An apparatus and technique for measuring conductivity of hydrated soft tissues under the condition of zero fluid flow (no convection) were recently developed for this investigation. 18,24 Briefly, the apparatus consisted of two stainless steel current electrodes, two Ag/AgCl voltage-sensing electrodes, a specimen chamber, a Keithley Source-meter, and a current-sensing digital micrometer (for height measurement) (Figure 1). The apparatus was calibrated using a conductivity standard in the range of 0.15–0.59 cm and found to be accurate (less than 5% nonlinearity) in the range of 0.22–0.59 cm. 18 A testing protocol for AF specimens was developed in the pilot study 18 and was adopted in the present study. Using the four-wire method, the conductivity of specimens was measured with constant direct current of 3 μA (density: 0.015 mA/cm2) at room temperature (22 ± 1 C). Our pilot studies demonstrated that the measurements were highly repeatable for AF specimens. 18

Figure 1
Figure 1:
Schematic of apparatus for measuring electrical conductivity, consisting of two stainless steel current electrodes, two Ag/AgCl voltage-sensing electrodes, a nonconductive plexiglass chamber, a current sensing micrometer, and a Keithley Source-meter (Model 2400).

One-Dimensional Free Swelling.

For the control group (n = 10), each of the specimens was allowed to swell axially in the conductivity apparatus for 10 minutes, while immersed in phosphate-buffered saline solution (PBS, pH 7.4) at room temperature (22 ± 1 C). The variations of specimen height and electrical conductivity were recorded over time. After 10 minutes, to facilitate water diffusion and swelling, the specimen was transferred to a 5-mm confining ring with porous walls and immersed in PBS. The ring allowed axial swelling of the specimen through axial and radial imbibition of solution while maintaining radial confinement. After a few minutes, the specimen was transferred to the conductivity apparatus for measurement of height and electrical conductivity. After the measurement (which took about 1 minute), the specimen was placed back into the confining ring for swelling until the next measurement. Care was taken to handle the specimens gently during specimen transfer to minimize changes in specimen hydration. This process continued for about 45 minutes (swelling time) until the specimen showed no significant increase in volume. The total testing process for each specimen took less than 90 minutes.

Trypsin Treatment.

For the treated group (n = 25), each of specimens was immersed in PBS containing 372 U/mL (0.04 mg/mL) trypsin (Sigma Chemical Co., Sigma Aldrich Corp., St. Louis, MO) at room temperature (22 ± 1 C) for 45 minutes. A separate study has shown that the above treatment protocol would significantly reduce the free-swelling strain, swelling pressure and equilibrium, and dynamic stiffness of AF specimens, 41 mainly due to the reduction in fixed charge density caused by proteoglycan depletion. 9,33 It was estimated that the treatment protocol would reduce tissue fixed charge density by 46%, based on the swelling pressure data measured for control and treated specimens. 41 After treatment, specimens were thoroughly rinsed in PBS and electrical conductivity was measured.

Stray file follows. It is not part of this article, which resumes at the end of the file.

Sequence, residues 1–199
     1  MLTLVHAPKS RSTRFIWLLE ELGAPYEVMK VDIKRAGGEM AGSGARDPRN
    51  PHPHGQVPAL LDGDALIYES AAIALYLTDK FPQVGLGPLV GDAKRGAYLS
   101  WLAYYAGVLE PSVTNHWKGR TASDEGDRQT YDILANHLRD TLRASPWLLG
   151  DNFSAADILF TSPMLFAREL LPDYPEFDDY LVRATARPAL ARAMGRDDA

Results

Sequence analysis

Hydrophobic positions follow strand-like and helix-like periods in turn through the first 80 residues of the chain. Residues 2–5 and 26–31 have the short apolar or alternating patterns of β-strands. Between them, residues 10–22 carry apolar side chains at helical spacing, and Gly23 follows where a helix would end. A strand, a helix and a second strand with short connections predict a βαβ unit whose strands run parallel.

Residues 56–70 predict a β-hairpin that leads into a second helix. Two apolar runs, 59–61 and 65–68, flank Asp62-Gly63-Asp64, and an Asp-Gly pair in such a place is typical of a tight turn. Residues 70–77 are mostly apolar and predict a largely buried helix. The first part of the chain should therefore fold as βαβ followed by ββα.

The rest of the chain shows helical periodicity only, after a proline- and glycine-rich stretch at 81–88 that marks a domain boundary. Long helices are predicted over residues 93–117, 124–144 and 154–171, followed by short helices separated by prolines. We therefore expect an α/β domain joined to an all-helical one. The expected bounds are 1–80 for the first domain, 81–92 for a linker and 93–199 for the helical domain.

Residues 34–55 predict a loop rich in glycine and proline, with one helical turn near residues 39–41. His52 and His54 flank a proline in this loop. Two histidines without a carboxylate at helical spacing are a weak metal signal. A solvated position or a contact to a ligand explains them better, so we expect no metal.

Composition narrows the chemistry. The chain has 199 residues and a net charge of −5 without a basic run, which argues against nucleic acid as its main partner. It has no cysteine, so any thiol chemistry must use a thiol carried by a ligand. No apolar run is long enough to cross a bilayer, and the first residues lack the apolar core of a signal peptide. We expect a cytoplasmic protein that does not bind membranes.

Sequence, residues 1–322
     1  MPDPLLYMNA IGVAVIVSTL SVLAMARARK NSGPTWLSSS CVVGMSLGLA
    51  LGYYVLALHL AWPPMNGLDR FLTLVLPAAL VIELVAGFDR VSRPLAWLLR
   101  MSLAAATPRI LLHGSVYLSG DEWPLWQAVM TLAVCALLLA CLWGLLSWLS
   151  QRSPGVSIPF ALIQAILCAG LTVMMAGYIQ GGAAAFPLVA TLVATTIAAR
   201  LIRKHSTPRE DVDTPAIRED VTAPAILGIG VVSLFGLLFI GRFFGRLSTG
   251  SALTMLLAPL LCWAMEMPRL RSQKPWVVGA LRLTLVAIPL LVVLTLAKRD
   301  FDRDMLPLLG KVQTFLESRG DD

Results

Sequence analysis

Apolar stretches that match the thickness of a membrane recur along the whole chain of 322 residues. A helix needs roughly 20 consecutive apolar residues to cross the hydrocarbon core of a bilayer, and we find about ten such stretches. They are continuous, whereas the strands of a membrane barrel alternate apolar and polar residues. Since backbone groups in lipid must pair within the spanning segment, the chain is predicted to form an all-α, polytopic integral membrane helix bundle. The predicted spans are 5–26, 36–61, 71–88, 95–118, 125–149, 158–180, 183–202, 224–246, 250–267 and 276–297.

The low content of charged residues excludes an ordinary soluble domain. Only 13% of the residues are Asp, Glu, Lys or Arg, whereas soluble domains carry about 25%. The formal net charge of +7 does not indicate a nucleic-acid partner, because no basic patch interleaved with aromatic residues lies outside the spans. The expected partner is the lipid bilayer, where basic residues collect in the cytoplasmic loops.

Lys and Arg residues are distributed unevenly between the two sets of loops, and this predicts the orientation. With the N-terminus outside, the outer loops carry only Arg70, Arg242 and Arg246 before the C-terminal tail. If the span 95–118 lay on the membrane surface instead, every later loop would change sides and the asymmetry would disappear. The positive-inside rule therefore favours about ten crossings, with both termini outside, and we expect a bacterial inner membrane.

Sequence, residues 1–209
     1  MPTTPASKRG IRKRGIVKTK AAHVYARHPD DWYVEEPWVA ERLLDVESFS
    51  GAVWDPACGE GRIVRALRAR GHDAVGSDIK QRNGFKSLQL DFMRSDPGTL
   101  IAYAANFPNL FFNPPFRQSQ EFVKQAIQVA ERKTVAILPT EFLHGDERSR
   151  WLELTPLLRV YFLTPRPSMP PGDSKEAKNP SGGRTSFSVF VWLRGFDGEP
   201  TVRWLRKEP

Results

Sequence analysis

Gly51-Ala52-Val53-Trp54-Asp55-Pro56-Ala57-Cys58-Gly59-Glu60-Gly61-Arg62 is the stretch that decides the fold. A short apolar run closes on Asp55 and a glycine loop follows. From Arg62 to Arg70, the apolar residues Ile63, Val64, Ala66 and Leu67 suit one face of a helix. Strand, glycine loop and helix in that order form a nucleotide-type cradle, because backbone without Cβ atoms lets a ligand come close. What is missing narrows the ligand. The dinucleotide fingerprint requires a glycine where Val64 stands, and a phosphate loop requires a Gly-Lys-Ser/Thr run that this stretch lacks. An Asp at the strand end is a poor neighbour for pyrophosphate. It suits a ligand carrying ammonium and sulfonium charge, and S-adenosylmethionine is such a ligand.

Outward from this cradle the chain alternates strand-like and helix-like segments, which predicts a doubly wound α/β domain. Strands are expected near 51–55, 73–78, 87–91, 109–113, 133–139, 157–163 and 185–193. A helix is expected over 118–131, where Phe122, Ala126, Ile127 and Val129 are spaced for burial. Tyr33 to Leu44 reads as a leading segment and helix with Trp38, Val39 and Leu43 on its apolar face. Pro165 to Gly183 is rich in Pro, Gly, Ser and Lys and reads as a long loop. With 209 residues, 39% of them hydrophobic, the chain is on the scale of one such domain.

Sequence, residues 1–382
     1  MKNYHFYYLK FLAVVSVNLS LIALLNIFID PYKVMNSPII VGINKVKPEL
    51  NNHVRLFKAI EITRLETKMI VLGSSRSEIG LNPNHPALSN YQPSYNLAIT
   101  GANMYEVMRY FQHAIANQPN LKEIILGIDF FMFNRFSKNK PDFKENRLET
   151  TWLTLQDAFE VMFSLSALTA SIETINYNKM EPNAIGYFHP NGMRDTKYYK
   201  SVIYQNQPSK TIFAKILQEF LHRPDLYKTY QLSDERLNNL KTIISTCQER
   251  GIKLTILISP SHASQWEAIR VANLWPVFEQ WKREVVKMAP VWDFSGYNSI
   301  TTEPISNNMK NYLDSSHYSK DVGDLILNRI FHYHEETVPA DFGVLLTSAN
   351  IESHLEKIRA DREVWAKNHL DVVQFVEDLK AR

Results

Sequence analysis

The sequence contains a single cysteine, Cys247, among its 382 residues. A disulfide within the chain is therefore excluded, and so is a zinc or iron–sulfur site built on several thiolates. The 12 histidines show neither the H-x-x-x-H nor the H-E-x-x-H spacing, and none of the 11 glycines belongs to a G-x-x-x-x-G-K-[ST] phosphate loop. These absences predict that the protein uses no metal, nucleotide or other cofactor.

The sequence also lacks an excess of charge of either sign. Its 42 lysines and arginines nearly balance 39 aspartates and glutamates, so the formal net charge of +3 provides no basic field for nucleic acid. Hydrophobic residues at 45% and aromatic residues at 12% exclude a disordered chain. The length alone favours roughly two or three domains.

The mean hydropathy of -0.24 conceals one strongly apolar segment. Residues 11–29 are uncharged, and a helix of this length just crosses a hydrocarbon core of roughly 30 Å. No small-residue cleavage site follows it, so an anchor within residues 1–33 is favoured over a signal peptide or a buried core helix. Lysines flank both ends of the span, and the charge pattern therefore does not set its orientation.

Porosity and Density Determinations.

Porosity is defined as the ratio of water volume to wet tissue volume. It is an alternative way to express tissue water content, which is slightly different in value from that more commonly reported in literature (i.e., water weight/wet tissue weight). 13,14,23 For the control group (n = 10), each of the specimens was weighed in air (wet weight, in grams) and in PBS before swelling. The initial specimen volume was calculated by dividing the difference between wet weight and weight in PBS by the mass density of PBS (Archimedes’ principle). Our pilot study has shown that this method for determining specimen volume is more accurate than direct calculation by assuming the specimen to be a perfect cylinder. During swelling, the specimen volume increased over time due to fluid imbibition. This volume increase was estimated by AΔh, where A is the cross-sectional area of the specimen, and Δh is the increase in specimen height measured by the conductivity apparatus. The increase in specimen wet weight was estimated by AΔhρpbspbs is mass density of PBS, 1.005 g/mL). For the treated group (n = 25), the specimen wet weight and weight in PBS were measured after trypsin treatment. Following electrical conductivity measurement, specimens were lyophilized to obtain their dry weights. The tissue porosity (volume fraction of water), wet tissue density (wet weight per wet tissue volume), and dry tissue density (dry weight per dry tissue volume) were determined using a method developed previously. 13,14